- Combine all ingredients for the topping in a small bowl. Sprinkle evenly over the top of the squash mixture.
- Bake in preheated oven 30 minutes or until golden.
Cornmeal Biscuits Recipe
Mary (Blonde Logic) liked the Christmas menu too.
"Your Christmas dinner sounds delicious. Those cornmeal angel biscuits sound interesting. I love cornmeal, although Ian isn't too keen. I'd love a recipe."
Your wish is my command:
- 2 tsp. active dry yeast
- 1/4 cup warm water
- 2 cups buttermilk
- 4 cups all-purpose flour
- 1 cup cornmeal
- 1 tablespoon baking powder
- 1 tsp. baking soda
- 2 tsp. salt
- 3 tablespoons sugar
- 3/4 cup shortening
- In a small bowl, dissolve yeast in warm water. Let stand 5 minutes or until foamy. Add to buttermilk and set aside.
- In a large mixing bowl, combine flour, baking powder, baking soda, salt, and sugar. Cut in shortening with pastry blender until mixture resembles coarse crumbs. Stir in yeast/buttermilk mixture and knead just to bring together about 5 or 6 times.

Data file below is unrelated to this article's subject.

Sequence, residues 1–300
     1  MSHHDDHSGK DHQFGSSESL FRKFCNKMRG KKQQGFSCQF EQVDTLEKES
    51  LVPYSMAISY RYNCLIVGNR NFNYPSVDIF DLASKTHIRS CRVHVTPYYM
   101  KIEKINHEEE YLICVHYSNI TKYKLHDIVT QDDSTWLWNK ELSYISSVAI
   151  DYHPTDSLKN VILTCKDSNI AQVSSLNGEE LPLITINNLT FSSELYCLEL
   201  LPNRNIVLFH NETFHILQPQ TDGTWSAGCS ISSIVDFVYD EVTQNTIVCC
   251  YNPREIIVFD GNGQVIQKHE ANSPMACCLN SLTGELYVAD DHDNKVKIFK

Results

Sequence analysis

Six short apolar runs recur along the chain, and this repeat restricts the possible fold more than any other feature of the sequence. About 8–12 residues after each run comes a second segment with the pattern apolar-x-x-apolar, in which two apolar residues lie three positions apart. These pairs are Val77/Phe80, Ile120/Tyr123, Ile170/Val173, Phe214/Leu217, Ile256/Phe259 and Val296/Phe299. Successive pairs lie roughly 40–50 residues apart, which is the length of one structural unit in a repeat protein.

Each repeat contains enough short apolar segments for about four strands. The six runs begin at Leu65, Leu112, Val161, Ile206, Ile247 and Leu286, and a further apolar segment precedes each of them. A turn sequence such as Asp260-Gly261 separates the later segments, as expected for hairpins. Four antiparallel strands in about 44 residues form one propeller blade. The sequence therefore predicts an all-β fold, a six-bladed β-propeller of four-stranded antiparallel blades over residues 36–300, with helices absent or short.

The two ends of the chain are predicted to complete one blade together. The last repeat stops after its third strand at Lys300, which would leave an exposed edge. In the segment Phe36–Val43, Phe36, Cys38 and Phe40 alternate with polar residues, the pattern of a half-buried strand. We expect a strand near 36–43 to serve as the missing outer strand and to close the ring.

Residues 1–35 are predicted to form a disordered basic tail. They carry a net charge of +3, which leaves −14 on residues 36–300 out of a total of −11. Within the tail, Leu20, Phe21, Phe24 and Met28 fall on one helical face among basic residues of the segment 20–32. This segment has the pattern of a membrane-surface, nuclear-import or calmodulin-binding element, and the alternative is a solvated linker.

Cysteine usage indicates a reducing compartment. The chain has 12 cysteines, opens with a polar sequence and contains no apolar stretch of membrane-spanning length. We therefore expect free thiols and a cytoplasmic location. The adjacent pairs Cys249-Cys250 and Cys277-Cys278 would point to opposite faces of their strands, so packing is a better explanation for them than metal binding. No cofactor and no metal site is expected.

- On a lightly floured surface, pat dough out to 1/2-inch thickness. Cut out biscuits with a 2-inch round cutter. Place on a lightly greased baking sheet. Biscuits should be almost touching.
- Cover and set in warm, draft-free place for 1 hour or until doubled in size. Preheat oven to 425 degrees F. Bake biscuits for 10-12 minutes or until browned.
Did you know that there is a Table of Contents for this series? I have created an article that provides a detailed listing of each question I've received. It's broken down by category, and within each category, the questions are listed alphabetically. Each question is actually a hotlink back to the original post.
Here's a link to that Table of Contents.
I have also cataloged all of my personal recipes that I have shared with you in this weekly Q&A series and in all of my other articles as well. The link to that Index is here. There are hotlinks to each recipe and this will be updated as new recipes are shared.
Are You Interested in a Carb Diva Cookbook?
Let's do this again next week. If you have questions about foods, cooking techniques, or nutrition you can ask them here. If you are in search of an old recipe or need ideas on how to improve an existing one I can help you. If you want to learn more, let's do it together. Present your questions, your ideas, your comments below. Or, you can write to me personally at this email address: email@example.com.
And, I promise that there will always be at least one photo of a kitty in every Monday post.
© 2020 Linda Lum